Detecting and Reading Text on HUDs:
Effects of Driving Workload and Message Location

Omer Tsimhoni, Paul Green, and Hiroshi Watanabe

May 2001

This paper describes the second in a series of studies to identify best locations for presenting information on an automotive head-up display (HUD). A total of 16 participants (8 under age 30, 8 over age 65) drove a simulator (at 3 controlled levels of driving workload) while responding to messages appearing at 8 locations on a HUD. Depending on the condition, participants either pressed buttons to indicate the gender (male, female) of a first name shown on the HUD or detected the appearance of a scrambled name. The overall pattern of the results was generally similar for both young and old drivers, though the driving performance of older men was better (less variable) than other age-gender groups. Their responses to HUD messages, however, were slower, and they committed more errors.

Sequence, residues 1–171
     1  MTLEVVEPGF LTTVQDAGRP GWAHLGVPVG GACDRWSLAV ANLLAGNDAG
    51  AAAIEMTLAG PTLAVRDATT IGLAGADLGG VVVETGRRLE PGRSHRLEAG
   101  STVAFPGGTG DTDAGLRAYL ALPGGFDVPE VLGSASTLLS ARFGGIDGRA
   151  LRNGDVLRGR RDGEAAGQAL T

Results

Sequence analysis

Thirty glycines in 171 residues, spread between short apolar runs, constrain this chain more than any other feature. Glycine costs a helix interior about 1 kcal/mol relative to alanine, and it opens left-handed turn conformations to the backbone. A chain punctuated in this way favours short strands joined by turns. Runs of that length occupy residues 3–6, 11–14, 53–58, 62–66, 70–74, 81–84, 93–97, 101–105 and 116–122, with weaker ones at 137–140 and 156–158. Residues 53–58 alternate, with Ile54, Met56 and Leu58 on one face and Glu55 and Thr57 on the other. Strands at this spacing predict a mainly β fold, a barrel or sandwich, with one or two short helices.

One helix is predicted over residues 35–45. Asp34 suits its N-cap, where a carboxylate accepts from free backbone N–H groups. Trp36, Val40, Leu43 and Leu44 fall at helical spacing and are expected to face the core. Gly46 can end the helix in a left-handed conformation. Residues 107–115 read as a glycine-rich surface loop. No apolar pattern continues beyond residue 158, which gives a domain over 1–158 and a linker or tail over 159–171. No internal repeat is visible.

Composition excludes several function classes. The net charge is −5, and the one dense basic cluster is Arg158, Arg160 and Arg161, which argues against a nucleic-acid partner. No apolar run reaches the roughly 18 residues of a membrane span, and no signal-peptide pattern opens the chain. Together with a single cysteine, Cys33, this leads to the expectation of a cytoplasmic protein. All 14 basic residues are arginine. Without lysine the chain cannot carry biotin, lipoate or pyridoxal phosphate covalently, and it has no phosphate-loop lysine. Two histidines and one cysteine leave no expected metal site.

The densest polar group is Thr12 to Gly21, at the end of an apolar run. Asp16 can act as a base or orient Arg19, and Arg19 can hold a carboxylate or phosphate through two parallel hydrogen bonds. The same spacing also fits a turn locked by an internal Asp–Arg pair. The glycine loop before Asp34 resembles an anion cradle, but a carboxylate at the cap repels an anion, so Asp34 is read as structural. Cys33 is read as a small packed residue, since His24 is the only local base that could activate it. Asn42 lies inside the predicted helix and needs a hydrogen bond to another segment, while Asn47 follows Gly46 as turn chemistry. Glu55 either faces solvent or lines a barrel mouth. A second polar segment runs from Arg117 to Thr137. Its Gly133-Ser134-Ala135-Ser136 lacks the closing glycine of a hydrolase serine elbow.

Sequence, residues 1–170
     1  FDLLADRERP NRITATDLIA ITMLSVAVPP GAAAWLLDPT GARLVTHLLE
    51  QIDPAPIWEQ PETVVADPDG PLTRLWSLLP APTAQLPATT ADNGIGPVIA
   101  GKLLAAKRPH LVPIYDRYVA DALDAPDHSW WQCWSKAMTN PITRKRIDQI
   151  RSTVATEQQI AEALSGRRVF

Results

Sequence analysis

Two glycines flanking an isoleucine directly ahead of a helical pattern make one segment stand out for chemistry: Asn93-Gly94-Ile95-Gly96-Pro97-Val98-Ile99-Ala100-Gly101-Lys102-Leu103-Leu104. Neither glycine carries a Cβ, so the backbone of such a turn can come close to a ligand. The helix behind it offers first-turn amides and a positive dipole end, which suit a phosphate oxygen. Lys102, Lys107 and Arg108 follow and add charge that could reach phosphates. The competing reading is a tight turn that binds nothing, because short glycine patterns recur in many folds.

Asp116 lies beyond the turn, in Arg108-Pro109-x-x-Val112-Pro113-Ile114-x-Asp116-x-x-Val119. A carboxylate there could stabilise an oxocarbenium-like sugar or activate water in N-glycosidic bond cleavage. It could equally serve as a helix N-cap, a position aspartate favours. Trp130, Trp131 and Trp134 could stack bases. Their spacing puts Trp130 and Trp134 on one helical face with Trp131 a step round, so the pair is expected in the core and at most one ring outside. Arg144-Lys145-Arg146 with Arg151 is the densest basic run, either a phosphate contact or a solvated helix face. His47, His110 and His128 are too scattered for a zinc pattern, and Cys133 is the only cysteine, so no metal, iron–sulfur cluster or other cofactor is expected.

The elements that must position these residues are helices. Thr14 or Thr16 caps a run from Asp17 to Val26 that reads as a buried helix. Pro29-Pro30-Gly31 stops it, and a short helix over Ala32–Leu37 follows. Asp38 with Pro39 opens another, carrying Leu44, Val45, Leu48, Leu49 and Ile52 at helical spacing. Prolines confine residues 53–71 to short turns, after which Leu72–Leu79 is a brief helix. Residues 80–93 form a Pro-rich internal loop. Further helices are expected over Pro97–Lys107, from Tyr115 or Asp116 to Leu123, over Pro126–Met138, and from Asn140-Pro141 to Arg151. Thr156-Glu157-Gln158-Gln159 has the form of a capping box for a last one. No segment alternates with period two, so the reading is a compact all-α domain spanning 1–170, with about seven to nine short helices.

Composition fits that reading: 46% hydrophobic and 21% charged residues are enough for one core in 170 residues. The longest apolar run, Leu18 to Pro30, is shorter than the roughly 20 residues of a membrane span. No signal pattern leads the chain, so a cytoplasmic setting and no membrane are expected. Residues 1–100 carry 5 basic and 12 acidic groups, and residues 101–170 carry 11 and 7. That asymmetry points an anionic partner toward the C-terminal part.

In contrast to the prior study, detection time was not significantly affected by HUD position. However, mean responses times for the reading task were significantly affected (1100 ms for center positions straight ahead versus 1250 ms for outer positions 10 degrees to either side).

Across the limited range of driving workload levels explored, detection time increased by as much as 140 ms (25%) and information was more likely to be missed in the higher workload condition. Mean response time in the reading condition increased by 90 ms (7%). Driving performance was only degraded when the HUD appeared at the center position. The position most preferred by participants was at eye level, 5 degrees to the right of the center, with the center and 5 degrees to the left of the center as alternatives.

Overall, the central location and other locations within 5 degrees of straight ahead gave the best performance and were more likely to be preferred, followed by the other two locations on the bottom row. The particular location that is best for a specific application depends upon the relative importance attributed by designers to the measures collected.

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